There are endless articles online with horror stories of people racking up preposterously high amounts in toll fines for driving over toll bridges with no E-ZPass, or for linking unrecognized credit cards to E-ZPass accounts.
Prices on these tolls are through the roof and as of right now, these hikes have no end in sight. Bad news if you were planning on road tripping into the New York Metro area.
There are thankfully, a few workarounds devised by locals to avoid driving on these monetary land mines. Here are a New York City few toll bridges you should avoid at all costs, and cheaper routes you should be using.
Avoid at All Costs: George Washington Bridge (I-95 Fort Lee, New Jersey to Manhattan)
New York and New Jersey drivers are notorious for a very good reason, and the George Washington Bridge showcases the worst of the worst from both states on a regular basis. This hub connecting Manhattan Island and Fort Lee, New Jersey, is regularly host to hideous accidents on top of the near-permanent bumper-to-bumper traffic.
One Daily News article reported how a couple in their 50’s were gruesomely killed when they were cut off by a person driving a Corvette. This constant stop and go and then suddenly stopping again is a recipe for disaster, especially for distracted drivers. This is just one of dozens of others over the years, scary prospects for all but experienced drivers.
The weight and axel count drives this toll price into outer space, truckers unfortunate enough to be forced to take this bridge eastbound into Manhattan at beak hour would have to fork over a cool $110. Don’t even think about disregarding that payment, the New York Toll Authority can and will impose thousands of dollars in fines.
Use Instead: Tappan Zee Bridge (I-287 Nyack to Tarrytown)
Hardly anyone cares that disgraced ex-New York governor Andrew Cuomo slapped his late father’s name on this brand new double-wide cable bridge. Locals always have and always will call it the Tappan Zee.
This bridge is one of the New York metroplex’s hidden gems. Not only does it provide an alternative way of getting between New York and New Jersey, but the toll here will only run you $6.83 going eastbound and free going west – this is even less with an E-ZPass subscription.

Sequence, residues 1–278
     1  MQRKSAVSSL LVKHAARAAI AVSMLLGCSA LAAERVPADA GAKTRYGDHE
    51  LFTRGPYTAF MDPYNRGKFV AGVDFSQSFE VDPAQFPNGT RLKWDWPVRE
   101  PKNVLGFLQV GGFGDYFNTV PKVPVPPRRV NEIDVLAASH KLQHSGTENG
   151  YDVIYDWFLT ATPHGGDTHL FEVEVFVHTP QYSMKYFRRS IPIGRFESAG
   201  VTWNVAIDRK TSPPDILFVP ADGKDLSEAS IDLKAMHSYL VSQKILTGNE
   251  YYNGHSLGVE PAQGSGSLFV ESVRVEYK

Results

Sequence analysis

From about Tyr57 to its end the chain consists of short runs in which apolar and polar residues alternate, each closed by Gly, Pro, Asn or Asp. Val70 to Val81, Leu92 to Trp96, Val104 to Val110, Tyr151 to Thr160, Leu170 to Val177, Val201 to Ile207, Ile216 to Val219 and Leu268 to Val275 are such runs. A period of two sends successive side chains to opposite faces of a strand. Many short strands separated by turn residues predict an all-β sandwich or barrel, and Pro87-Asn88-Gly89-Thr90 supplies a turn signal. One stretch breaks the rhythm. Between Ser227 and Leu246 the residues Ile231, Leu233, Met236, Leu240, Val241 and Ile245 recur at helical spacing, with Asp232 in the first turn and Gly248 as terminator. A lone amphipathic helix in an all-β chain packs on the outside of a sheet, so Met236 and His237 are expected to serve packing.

On the way into the city for a night on the town, but you don’t feel like risking your life on the GW Bridge? We recommend hopping on the scenic Palisades Parkway, that’ll take you right to the eastbound entrance of the bridge. Not only that, but this new bridge, which opened only four years ago, is also stunningly beautiful when illuminated at night. It’s the perfect bridge to cruise across in a Delorean, pretending it’s the 1980s.
Avoid at All Costs: Whitestone Bridge
Queens is not immune to the E-ZPass plague, the most ethnically diverse NYC boro has two bridges connecting it to the Bronx across the East River. We’ll give a passing mention to the Throgs Neck Bridge. But for now, we’re going to focus on its counterpart, the Whitestone. Without EZ Pass, a trip either way across this bridge will cost you a harsh $10.17. Forget to pay the toll, and you’ll regret it.
The Whitestone is one of the most profitable toll bridges for the New York Tolling Authority. This is largely off the backs of thousands of dollars in late fees if people don’t pay tolls promptly.
With only a 40 mph (64 kph) speed limit, speeding tickets are frequent and infuriating on this bridge. If only there was some other way to get around this headache waiting to happen. Happily, there is.
Use Instead: Ed Koch Queensboro Bridge
The 59th street bridge has seen New York City rise to the mega-city it is today. Opened in 1909, Ford Model T’s happily traversed this historic gem of a bridge when it was brand new.
Today, its two levels of roadway whisk modern traffic across the East River for free both ways via New York State Route 25, which starts at the west inlet of the Queensboro and ends over 100 miles away at Orient Point on Long Island.
Taking this route does require using the FDR and Harlem River drive ring roads around Manhattan, and a brief bout of driving through Manhattan itself. Rest assured, NYC taxi drivers are not out to crash into you. As long as you remain calm, drive carefully, and always watch for pedestrians, it’s basically the same as driving anywhere else in America.
The route is significantly longer than the usual sprint from the George Washing Bridge to The Whitestone and back again.
A trip like that would cost five times as much just to get from New Jersey to Long Island and even more going back. When you consider that lots of commuters regularly make this trip for work, maybe this local trick doesn’t seem so ridiculous. So next time you decide to take a road trip through the great Empire State, now you know how for a lot less money.